Those planning to start a business in the next 12 months more likely to be employed
WASHINGTON, D.C. -- Young Arabs show a relatively high interest in launching businesses in the next year. Overall, 15% of 15- to 29-year-olds across the Arab League member countries Gallup surveyed in 2010 plan to launch a business in the next 12 months, compared with 4% of young people in North America or Europe.
These findings are based on the third installment of Gallup's report, The Silatech Index: Voices of Young Arabs, which highlights various challenges that young Arabs face as they seek employment within and outside the region. The Silatech Index is a product of a multi-year research initiative, undertaken by Gallup in partnership with Silatech, that explores the opinions of young people across 19 countries in the Arab League and the Somaliland region.
Aspiring entrepreneurs are more likely to report being employed (44%) than young people from the region who have no intention to create a business (26%). Further, budding entrepreneurs (60%) are far more likely than those who do not have entrepreneurial ambitions (48%) to say they are satisfied with the freedom they have to choose what to do with their lives.
Entrepreneurial ambitions also vary greatly at different income levels. Among the young people in the Arab League who want to start a business within the next year, 57% of them live in middle-income countries, 32% of them live in low-income countries, and 12% reside in high-income countries. Among aspiring entrepreneurs, the report further categorizes those planning to start a business in the next 12 months as "opportunity-driven" vs. "necessity-driven" to more closely understand the challenges each type of aspiring entrepreneur faces and his or her motivations.
Overall, young Arabs prefer to work for the government rather than in the private sector. Even those who plan to start a business are more likely to say they would prefer to have a government job than a job in the private sector, 45% vs. 33%, respectively.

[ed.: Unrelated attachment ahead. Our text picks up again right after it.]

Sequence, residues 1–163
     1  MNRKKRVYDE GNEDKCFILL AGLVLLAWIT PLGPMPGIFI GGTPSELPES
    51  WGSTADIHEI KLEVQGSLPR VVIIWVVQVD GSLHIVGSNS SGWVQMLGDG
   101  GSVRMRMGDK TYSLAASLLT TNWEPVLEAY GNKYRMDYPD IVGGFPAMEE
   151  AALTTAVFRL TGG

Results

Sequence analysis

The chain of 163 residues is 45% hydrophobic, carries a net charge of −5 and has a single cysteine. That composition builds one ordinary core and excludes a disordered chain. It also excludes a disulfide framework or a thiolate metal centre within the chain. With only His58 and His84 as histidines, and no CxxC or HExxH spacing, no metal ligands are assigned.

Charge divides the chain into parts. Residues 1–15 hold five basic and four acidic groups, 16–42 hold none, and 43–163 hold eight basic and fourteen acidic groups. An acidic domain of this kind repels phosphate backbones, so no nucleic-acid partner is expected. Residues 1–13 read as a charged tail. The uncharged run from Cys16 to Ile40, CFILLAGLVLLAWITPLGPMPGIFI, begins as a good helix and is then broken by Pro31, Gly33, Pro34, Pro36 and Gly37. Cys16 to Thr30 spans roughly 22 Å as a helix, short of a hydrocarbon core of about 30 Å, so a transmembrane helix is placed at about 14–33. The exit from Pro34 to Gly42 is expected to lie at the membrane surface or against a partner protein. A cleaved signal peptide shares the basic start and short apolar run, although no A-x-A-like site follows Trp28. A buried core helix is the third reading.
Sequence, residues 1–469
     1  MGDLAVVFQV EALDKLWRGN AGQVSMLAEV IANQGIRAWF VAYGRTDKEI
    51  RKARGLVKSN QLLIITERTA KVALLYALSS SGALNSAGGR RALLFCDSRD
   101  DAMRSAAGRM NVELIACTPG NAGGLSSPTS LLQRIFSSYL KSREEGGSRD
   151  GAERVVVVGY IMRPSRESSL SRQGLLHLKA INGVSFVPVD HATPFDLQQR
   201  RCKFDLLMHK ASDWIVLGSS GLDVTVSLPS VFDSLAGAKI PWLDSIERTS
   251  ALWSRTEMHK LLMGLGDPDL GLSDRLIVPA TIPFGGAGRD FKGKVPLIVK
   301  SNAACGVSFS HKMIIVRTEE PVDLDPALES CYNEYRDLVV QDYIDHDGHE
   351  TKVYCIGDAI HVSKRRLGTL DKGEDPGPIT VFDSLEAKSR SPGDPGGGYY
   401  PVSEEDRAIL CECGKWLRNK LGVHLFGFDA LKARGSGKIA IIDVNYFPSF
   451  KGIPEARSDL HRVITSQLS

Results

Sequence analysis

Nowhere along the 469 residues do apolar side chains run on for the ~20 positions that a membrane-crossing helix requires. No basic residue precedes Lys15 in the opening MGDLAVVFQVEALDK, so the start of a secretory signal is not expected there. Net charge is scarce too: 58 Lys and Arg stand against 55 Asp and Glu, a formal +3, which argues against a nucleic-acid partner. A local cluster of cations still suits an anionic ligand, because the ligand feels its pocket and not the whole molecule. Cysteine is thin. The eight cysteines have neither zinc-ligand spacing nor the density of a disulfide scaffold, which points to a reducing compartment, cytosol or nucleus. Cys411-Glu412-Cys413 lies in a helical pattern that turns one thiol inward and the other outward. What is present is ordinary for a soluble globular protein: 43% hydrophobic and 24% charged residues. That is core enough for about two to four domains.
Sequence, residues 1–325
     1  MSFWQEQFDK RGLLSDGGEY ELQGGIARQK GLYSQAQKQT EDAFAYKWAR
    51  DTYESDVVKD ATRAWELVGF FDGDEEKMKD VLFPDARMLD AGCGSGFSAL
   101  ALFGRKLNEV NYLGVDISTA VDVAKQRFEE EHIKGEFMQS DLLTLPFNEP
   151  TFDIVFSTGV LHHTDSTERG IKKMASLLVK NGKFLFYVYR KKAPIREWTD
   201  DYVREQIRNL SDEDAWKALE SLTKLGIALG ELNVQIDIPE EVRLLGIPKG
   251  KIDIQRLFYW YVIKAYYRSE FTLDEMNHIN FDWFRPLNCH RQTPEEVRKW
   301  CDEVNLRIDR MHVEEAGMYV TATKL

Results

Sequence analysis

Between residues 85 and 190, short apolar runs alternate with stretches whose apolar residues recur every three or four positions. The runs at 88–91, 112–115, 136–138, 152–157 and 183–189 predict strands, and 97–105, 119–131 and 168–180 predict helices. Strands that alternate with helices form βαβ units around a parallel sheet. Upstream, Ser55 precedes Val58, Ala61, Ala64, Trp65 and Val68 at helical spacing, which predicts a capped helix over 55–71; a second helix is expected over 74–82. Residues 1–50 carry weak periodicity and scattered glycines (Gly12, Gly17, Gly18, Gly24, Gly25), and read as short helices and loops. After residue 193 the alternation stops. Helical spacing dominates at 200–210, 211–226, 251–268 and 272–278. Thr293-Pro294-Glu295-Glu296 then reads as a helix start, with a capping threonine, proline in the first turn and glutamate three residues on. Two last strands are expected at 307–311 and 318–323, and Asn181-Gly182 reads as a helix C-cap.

In addition to examining young Arabs' entrepreneurial inclinations, the latest report focuses on specific topics such as their desire to migrate, their perceptions on a "green economy" and the environment, job creation in conflict-influenced areas, and differences across gender lines. The report also includes detailed country-level findings from the 19 countries surveyed reporting on the aspirations and realities most young people across the region face as they launch their careers.
Read the complete report.
For complete data sets or custom research from the more than 150 countries Gallup continually surveys, please contact SocialandEconomicAnalysis@gallup.com or call 202.715.3030.
Results are based on face-to-face interviews with 10,018 country nationals, aged 15 to 29, conducted in February-April 2010 in 18 countries that are members of the Arab League and the Somaliland region and in Djibouti in March-August 2009. For results based on the total sample of national youth, one can say with 95% confidence that the maximum margin of sampling error ranges from ±4.3 percentage points in the Djibouti to ±6.5 percentage points in Kuwait. The margin of error reflects the influence of data weighting. In addition to sampling error, question wording and practical difficulties in conducting surveys can introduce error or bias into the findings of public opinion polls.